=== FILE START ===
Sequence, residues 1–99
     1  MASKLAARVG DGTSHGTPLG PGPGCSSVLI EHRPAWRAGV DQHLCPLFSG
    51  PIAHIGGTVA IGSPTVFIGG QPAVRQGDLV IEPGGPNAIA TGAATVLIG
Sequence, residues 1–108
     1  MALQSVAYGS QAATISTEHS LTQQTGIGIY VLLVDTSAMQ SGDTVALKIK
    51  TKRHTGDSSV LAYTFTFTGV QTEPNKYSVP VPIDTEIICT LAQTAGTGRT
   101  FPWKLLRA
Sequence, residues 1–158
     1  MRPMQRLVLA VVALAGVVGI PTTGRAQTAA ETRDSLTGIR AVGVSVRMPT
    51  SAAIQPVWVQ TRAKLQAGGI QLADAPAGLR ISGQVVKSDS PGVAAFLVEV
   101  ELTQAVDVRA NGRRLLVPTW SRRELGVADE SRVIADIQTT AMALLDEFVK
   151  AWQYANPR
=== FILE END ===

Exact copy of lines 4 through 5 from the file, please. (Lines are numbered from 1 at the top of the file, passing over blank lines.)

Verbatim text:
Sequence, residues 1–108
     1  MALQSVAYGS QAATISTEHS LTQQTGIGIY VLLVDTSAMQ SGDTVALKIK